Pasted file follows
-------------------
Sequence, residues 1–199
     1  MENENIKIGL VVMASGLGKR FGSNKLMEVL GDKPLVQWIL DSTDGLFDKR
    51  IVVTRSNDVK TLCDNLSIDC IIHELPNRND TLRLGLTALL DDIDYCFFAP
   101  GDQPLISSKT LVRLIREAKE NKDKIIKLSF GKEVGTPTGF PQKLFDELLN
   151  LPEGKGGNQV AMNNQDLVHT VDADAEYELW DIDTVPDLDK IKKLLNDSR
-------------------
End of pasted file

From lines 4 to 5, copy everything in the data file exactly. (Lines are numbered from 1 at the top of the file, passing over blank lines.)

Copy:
   101  GDQPLISSKT LVRLIREAKE NKDKIIKLSF GKEVGTPTGF PQKLFDELLN
   151  LPEGKGGNQV AMNNQDLVHT VDADAEYELW DIDTVPDLDK IKKLLNDSR